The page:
Video from the first pride march:

Marsha and Sylvia – Iconic Activists

640px Marsha P. Johnson Joseph Ratanski and Sylvia Rivera in the 1973 NYC Gay Pride Parade by Gary LeGault
Marsha (left) & Slyvia (right) By Dramamonster at English Wikipedia, CC BY-SA 4.0

Two key figures that should be honored are Marsha P. Johnson and Sylvia Rivera. These two were activists, drag queens, trans, and all around badasses. They co-founded STAR, an activist group that stood for Street Transvestite Action Revolutionaries. At the time, even within the gay community, transexuals were shunned and booed. So from 1970-1973, Marsha and Sylvia ran Star House, a place where homeless trans and queer youth could come for shelter, food, and comfort from their LGBTQ+ family. In 1992, the body of Marsha P. Johnson was discovered in the Hudson river. Her body was cremated and death ruled a suicide though her family and friends believe it was a hate crime fueled murder. Just this year, Governor Andrew Cuomo declared that East River Park in Brooklyn will be renamed after Johnson in her honor.


LGBTQ+ in the News

New Pride Flag
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Very recently, the Supreme Court of the United States has made it illegal to discriminate against members of the LGBTQ+ community within the workplace. Employers cannot make hiring or firing decisions based upon one’s sexual orientation or transgender status. This is a big win for the community but there is still a long way to go to achieve protections against medical discrimination and protecting the rights of family members. One step forward and a few steps back as the current administration recently erased civil rights protections in healthcare.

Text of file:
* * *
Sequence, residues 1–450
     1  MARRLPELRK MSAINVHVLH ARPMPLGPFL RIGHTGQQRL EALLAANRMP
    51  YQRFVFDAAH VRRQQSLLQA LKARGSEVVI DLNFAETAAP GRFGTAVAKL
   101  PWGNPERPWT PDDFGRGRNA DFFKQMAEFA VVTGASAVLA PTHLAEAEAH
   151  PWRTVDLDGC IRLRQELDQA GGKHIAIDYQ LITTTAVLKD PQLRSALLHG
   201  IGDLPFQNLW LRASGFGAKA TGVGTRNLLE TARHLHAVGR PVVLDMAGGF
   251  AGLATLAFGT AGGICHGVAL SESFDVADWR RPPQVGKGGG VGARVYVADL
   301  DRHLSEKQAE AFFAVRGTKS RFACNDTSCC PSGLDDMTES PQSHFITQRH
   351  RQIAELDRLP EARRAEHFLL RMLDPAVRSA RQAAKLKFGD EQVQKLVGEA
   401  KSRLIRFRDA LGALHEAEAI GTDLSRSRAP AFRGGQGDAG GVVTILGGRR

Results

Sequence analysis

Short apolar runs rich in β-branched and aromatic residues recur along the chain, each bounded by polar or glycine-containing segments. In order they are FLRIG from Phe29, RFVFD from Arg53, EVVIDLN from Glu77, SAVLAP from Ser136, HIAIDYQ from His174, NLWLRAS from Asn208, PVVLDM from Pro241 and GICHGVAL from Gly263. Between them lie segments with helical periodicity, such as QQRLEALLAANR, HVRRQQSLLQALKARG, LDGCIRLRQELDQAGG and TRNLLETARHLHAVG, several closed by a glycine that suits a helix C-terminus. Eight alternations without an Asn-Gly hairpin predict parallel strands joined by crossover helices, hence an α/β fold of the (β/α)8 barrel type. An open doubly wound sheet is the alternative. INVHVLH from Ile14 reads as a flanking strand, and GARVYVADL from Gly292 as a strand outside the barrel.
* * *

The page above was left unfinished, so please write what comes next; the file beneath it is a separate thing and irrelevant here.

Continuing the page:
There is a constant tug of war going on between the LGBTQ+ community and just about everyone else who doesn’t consider themselves an ally. They constantly struggle to get people to see them as human beings, use their correct pronouns, obtain the same rights as everyone else, and be able to express themselves without fear of backlash, physical harm, or even death. Stand up with your friends, family, & neighbors to support this incredibly diverse and creative marginalized group. We’ve listed some ways you can learn about and help the LQBTQ+ community below.

heart who you are


Resources Guide for LGBTQ+ Students


The Stonewall Project 

Human Rights Campaign 


Documentary: Stonewall Uprising

Documentary: The Death and Life of Marsha P. Johnson

News & Hope:


It Gets Better


True Crime Obsessed: both insightful and funny, this episode covers the documentary ‘The Death and Life of Marsha P. Johnson’

Making Gay History: this episode covers activist Sylvia Rivera and shows a side you won’t hear anywhere else